Don’t underestimate the incredible thinking skills that young children have. Through this activity, your preschooler will collect and sort leaves by different characteristics to practice early math concepts.
This fun leaf activity helps preschoolers practice classifying objects and grow their problem-solving skills.
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- Bag or box to collect leaves
- Paper (can be a newspaper, paper bags, magazines, notebook paper, etc.)
- Pencil or something to write with
- Promote the use of problem solving and inquiry
- Practice classifying objects
- Provide practice counting and quantifying objects
- Promote conversation and teamwork
In the Future:
- The ability to classify objects by different characteristics is a stepping stone for understanding the math concept of one-to-one correspondence which will eventually build into simple addition and subtraction.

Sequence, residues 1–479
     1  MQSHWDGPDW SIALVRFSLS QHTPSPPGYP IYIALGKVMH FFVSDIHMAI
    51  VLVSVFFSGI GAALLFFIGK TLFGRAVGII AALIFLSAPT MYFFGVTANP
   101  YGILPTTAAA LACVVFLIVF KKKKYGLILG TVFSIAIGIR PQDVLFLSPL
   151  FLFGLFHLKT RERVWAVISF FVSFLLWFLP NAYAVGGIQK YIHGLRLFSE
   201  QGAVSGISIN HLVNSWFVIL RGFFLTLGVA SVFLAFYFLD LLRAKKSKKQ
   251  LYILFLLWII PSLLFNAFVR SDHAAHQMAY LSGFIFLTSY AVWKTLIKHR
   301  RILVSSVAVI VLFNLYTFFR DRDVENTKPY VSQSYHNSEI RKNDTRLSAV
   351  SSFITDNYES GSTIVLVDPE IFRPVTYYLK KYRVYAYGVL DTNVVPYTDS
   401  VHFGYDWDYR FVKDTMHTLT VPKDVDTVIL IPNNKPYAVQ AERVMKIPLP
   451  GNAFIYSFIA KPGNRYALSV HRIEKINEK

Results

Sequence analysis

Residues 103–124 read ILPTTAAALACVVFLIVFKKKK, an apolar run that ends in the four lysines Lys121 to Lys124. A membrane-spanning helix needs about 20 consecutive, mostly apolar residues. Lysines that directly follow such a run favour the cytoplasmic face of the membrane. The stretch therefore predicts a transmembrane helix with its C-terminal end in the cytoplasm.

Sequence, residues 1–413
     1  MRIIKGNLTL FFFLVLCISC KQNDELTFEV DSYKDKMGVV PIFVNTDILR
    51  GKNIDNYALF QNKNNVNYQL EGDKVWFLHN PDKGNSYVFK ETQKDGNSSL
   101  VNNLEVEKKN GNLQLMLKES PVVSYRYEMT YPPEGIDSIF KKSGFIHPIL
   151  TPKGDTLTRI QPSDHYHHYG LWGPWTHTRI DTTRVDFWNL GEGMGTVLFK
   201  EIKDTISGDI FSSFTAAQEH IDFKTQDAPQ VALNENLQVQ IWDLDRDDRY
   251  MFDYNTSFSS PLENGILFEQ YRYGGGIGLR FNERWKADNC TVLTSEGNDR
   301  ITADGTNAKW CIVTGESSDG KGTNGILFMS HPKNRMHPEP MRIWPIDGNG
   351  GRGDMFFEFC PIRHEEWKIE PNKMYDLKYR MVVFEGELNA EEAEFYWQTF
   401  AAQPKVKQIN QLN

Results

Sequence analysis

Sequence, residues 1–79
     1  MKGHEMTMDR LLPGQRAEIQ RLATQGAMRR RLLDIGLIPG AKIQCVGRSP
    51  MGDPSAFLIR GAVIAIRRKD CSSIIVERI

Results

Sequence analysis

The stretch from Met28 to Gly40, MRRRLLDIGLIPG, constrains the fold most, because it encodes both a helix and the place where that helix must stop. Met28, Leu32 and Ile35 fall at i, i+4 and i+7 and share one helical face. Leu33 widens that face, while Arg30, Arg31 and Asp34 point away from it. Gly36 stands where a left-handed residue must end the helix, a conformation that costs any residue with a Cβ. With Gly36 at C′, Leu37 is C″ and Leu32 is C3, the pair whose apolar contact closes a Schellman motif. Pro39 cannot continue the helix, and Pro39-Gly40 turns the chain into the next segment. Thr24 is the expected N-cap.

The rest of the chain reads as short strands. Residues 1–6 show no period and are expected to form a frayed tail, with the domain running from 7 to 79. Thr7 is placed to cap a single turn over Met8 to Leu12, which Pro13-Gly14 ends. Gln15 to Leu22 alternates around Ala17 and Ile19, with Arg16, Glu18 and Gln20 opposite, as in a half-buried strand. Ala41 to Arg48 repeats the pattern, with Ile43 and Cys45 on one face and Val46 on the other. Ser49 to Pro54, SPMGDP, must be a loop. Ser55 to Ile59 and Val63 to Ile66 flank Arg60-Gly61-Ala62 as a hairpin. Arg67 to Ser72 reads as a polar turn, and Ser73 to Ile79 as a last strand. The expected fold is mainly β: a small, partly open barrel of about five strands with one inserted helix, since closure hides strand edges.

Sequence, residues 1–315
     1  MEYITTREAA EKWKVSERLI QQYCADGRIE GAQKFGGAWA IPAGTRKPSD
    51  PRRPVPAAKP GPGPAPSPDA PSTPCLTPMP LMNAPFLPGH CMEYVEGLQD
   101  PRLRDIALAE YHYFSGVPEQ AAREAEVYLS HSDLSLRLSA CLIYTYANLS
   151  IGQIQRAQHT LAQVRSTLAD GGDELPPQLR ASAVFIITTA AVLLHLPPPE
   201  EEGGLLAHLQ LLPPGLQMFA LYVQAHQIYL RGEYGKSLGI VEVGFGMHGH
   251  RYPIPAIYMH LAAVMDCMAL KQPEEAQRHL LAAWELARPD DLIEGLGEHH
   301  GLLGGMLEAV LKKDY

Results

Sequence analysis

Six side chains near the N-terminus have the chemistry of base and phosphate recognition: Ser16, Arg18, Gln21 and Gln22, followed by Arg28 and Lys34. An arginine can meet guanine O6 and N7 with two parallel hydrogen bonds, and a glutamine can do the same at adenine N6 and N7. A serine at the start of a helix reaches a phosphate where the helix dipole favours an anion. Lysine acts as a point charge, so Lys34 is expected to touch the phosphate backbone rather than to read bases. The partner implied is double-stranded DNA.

- The ability to generate guesses in an investigation is the skill of making hypotheses in the scientific process.
- Go outside with your child on a leaf hunt and collect a variety of leaves in her bag.
- Next, look at all your leaves and decide how to sort them. You might ask, “How should we organize these leaves? What things are the same and different about these leaves?” to get your child thinking about the different characteristics. For example, they may choose to sort by color, by size, or by how many points on the leaves.
- Once your child has chosen a characteristic, have them sort the leaves accordingly, helping as needed.
- Together, count each pile and assist in writing the number. Then, pose the question “Are there more green leaves or brown leaves? Which number is bigger? How many more?”
For younger preschoolers and toddlers: you can stop at collecting leaves and just talk about how they look and identify characteristics instead of sorting.
For older preschoolers: you can see if your child can count each category that has been sorted and then compare which category has the most? Which category has the least? You could challenge them to figure out how many more one has over the other? Or how many less?
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